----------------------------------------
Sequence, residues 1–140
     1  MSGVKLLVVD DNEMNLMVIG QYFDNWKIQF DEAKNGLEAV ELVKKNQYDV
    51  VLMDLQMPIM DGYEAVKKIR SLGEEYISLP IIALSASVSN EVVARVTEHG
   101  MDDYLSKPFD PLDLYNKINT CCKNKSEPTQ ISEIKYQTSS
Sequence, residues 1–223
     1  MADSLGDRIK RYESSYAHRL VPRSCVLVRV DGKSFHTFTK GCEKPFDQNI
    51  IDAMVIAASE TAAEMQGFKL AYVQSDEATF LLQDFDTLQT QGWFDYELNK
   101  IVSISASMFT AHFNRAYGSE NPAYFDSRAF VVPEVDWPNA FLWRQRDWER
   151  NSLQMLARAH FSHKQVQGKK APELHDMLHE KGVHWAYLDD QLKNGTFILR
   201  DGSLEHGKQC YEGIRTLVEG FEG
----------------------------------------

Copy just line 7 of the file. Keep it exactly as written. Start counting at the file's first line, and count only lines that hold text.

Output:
    51  IDAMVIAASE TAAEMQGFKL AYVQSDEATF LLQDFDTLQT QGWFDYELNK